The fact remains that the finance world had created a make-believe game that generated profits from thin air just as part of the solution is to create more money from thin air in 'Quantitative Easing'. The threatened implosion of that system did not trigger a clamour to change it but to merely save it and we came so very close, they would have us know, to a world foreseen by 'visionaries' like David Icke. It now seems that lunatics like Icke were actually the clever ones.

The problem revolves around us. We are now so 'well off' that we must have 42"+ tellies, more pods that you can listen to, phones that send video, the latest gadget, new furniture, holidays, kitchens - the list is endless - and we are all very prepared to spend far beyond our means in order to get it and forfeit anything to do with provision for our retirement. Our jobs are now in far greater jeopardy than they were two years ago, more of us have lost our jobs since 1997 and our average take home income has actually dropped in real terms over the same period.

The fact was that we afforded this 'Utopia' by drawing down on our asset values - we created our own banks to conjure up money out of nothing.

Many will tell you that there is a concept of 'zero sum finance' which means that all the money in the world flows in credits and debits and always adds up to zero. So in that farcical view of the world, some may get richer at the cost of others but the amount of money has not changed and so the world is no worse off. But it is worse off. Just as the Bank of England literally conjured up £175bn out of nothing in order to increase the money supply, each of us created our own cash out of the supposed value in our assets. And then we gave it all away by spending it. We did not buy any really tradable assets as what we bought were effectively disposables or services - we did not invest in fine art, stamps or precious metals. We effectively increased the amount of money in the world and gave it away.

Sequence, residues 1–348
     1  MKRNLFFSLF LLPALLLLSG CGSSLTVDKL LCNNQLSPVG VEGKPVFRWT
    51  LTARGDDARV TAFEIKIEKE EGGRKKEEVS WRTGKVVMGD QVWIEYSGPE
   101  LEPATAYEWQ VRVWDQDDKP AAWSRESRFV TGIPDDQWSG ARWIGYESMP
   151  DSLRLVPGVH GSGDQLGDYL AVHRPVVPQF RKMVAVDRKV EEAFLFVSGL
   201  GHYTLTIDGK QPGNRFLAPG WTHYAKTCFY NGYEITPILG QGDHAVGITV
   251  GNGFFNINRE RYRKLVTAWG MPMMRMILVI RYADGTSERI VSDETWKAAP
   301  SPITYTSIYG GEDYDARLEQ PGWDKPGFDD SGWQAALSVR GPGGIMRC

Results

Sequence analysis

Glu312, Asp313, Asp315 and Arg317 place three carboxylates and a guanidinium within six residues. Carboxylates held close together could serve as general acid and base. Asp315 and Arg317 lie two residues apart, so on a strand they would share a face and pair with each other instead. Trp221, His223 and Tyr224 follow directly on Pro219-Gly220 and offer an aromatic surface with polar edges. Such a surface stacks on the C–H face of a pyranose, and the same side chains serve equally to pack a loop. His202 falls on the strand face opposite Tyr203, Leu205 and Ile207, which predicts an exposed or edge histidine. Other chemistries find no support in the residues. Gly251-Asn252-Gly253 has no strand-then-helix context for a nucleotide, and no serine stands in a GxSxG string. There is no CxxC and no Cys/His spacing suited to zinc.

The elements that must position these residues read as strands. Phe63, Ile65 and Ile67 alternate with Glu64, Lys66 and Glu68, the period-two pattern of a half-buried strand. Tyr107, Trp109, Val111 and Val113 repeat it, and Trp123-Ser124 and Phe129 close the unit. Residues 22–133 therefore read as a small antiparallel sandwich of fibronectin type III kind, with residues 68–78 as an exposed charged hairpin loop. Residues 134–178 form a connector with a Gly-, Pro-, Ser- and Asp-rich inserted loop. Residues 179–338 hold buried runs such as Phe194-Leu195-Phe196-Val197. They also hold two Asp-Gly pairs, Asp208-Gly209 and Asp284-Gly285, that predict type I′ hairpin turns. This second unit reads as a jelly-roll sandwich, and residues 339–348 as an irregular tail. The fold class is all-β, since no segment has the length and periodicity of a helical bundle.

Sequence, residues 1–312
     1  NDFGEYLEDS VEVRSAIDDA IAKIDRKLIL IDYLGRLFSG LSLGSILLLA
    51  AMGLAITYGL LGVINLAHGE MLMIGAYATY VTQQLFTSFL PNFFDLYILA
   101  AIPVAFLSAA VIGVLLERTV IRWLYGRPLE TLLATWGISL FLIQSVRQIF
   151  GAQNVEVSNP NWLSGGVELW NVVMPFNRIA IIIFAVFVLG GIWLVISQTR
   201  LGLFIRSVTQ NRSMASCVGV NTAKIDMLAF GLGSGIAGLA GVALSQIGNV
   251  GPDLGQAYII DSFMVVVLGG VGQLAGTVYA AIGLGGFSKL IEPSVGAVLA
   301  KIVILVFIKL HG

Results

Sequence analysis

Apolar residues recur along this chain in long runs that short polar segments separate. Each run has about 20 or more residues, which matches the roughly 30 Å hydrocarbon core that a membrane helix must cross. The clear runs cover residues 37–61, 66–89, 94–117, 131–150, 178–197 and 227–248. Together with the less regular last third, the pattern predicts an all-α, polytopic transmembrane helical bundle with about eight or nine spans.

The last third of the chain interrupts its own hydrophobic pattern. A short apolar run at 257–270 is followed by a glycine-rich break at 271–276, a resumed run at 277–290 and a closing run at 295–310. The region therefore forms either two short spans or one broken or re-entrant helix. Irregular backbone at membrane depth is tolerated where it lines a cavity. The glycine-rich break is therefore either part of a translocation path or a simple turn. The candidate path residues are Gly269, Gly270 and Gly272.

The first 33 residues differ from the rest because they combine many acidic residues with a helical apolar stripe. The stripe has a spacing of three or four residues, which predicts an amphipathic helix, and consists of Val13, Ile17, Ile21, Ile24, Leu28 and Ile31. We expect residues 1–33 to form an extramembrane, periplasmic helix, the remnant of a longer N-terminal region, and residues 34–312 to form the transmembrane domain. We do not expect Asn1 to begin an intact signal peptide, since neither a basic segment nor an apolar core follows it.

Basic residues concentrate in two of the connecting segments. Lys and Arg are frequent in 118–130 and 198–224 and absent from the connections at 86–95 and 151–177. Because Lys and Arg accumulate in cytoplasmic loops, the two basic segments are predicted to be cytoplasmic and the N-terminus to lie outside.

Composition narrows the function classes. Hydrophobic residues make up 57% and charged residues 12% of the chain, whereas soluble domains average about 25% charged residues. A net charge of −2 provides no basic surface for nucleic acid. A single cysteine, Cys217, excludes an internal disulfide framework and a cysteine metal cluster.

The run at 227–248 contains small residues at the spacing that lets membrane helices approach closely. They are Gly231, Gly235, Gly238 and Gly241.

The bill for all that came right back to us because it was not real. As the value of our assets dropped the whole system shredded itself and we had to dip into our pockets for the actual cashflow to pay for our own mortgages again - this time in incremental tax over the long term.

What the whole collapse has taught us is that you can get nothing for nothing. You can create as much money as you like but there is a price to pay for it. And boy has the real person found out.

Up the there in 'Bank World' that hasn't happened. Reality was a close call for them but thankfully a bunch of mugs known as taxpayers and real people worldwide saved their pathetic necks. And now they are playing the whole game again. In the zenith, or nadir, of the crisis, I saw excerpts of the African Nations Congress or similar. Speaker after speaker expressed how incredulous they were at the enormity of something they simply could not understand. They also were at pains to point out that they had not caused this Credit Crunch and so the developed world should not forget them - but we did. There are always losers in the world of 'zero sum finance' and it is those who are unable to play the game. As in any lottery, you have to be able to afford ticket to play - the Third World just watched wide-eyed as the sophisticates of the developed world simply gave away money they did not have to a small number of incredibly wealthy people and then paid for it again. Meanwhile people were dying in front of our eyes and the planet is getting a less healthy place to live.
We must be mad.